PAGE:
A year-long effort to define a common set of academic standards for English and math culminated on June 2 with the release of the final version of the Common Core State Standards, which aim to establish consistent learning goals across states.
The K-12 English, language arts, and math standards are intended to ensure that students in Kentucky have the same learning opportunities as students in Wisconsin, for instance, and were developed in collaboration with content experts, state officials, teachers, school administrators, and parents.
A draft of the standards elicited roughly 10,000 public comments, and the final version reflects some of this feedback. Supporters and developers said they looked to standards in other top-performing countries for inspiration. The standards were released in a joint launch by the National Governors Association (NGA) and Council of Chief State School Officers (CCSSO).
American Federation of Teachers President Randi Weingarten said the final standards are “much improved” over earlier drafts and are crisper and more focused on what students need to learn.
Delaware Gov. Jack Markell, whose state, along with Tennessee, won the first round of federal Race to the Top funding, said it is “critical that our nation makes clear its renewed focus on making sure kids graduate not only ready to compete, but ready to win.”
States should view Race to the Top and the common core standards not as a competition, but as a relay race in which one state shares a successful program or practice with other schools and states across the country, he said.
“Core standards are driven locally, not by Washington,” Markell added.
“Chief state school officers from across the country believe that through collective state actions such as these, we can provide all the country’s children with a world-class education,” said Gov. Steve Paine of West Virginia. “These standards lay the groundwork for students to live and compete in today’s global world.”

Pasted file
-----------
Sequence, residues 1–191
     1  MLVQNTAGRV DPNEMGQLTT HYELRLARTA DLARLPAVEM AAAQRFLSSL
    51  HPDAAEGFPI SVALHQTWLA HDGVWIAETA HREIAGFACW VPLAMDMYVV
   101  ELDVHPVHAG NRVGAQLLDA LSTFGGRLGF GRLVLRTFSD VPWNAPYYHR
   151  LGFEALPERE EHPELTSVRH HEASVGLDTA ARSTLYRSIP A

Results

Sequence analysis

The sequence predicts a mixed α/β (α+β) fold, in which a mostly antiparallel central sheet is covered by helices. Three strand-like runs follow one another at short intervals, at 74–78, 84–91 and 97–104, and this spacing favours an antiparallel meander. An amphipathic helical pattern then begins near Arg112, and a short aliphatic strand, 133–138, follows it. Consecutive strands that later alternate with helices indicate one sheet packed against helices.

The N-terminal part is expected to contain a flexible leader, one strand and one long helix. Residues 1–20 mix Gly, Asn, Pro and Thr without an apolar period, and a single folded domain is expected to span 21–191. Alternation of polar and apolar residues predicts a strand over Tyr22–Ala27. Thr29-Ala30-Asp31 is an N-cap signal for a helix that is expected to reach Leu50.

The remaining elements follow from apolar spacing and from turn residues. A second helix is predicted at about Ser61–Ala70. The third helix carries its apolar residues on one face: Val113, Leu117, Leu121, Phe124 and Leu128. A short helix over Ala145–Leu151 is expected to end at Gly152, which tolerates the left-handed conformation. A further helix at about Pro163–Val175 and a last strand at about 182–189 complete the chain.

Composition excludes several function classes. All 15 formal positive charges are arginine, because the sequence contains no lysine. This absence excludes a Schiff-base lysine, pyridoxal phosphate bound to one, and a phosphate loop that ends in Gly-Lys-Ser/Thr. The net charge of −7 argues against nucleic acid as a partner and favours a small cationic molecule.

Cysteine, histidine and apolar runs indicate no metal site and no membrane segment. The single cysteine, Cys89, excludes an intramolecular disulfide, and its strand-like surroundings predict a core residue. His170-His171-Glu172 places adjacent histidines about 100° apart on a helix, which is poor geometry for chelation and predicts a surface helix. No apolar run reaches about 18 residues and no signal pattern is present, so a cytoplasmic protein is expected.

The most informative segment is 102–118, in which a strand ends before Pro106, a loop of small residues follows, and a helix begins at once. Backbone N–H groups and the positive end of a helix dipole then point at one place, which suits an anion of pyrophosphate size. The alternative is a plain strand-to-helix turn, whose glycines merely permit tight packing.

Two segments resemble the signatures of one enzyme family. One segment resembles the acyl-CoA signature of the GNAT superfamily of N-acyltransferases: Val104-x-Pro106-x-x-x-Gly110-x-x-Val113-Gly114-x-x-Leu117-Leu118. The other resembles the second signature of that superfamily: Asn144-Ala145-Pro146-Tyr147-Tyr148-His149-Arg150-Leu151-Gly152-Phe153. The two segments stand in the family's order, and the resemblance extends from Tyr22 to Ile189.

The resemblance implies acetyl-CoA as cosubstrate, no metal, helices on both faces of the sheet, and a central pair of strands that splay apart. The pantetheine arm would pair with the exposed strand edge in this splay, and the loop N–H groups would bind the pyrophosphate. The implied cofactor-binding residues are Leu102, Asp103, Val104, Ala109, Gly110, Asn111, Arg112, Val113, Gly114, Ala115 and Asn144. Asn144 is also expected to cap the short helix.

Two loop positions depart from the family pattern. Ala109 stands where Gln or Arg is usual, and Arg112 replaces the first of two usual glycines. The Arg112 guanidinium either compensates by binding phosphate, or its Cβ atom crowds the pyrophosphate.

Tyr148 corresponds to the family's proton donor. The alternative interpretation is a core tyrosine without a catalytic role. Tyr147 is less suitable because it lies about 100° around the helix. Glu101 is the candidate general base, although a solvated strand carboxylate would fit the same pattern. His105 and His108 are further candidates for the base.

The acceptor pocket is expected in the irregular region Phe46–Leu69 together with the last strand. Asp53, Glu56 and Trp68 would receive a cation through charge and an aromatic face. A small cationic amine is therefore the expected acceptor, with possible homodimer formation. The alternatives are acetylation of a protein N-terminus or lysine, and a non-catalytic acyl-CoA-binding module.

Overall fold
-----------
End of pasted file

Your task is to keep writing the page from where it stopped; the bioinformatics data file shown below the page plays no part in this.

Paine said the standards pay particular attention to teacher support and preparedness, which in turn will build students’ capacity to emerge from high school ready for the workforce or college.
Key English and language-arts components include:
• Skills related to media and technology use are especially important, the standards say—including how to evaluate media sources.
• A “staircase” model for reading is advocated, so that students master increasingly complex material.
• There is no set reading list, because the standards “recognize that teachers, school districts, and states need to decide on appropriate curriculum.” The standards do include sample texts to help teachers prepare for the school year and to let parents and students know what to expect at the beginning of the year.
• The standards mandate certain critical types of content for all students, including classic myths and stories from around the world, foundational U.S. documents, seminal works of American literature, and the writings of Shakespeare. The standards defer the many remaining decisions about what and how to teach to states, districts, and schools.
• Beginning in the earliest grades, students will learn how to formulate a clear written argument, the standards say.
• Speaking skills, and especially small-group and collaborative discussions that lead to problem-solving, are emphasized.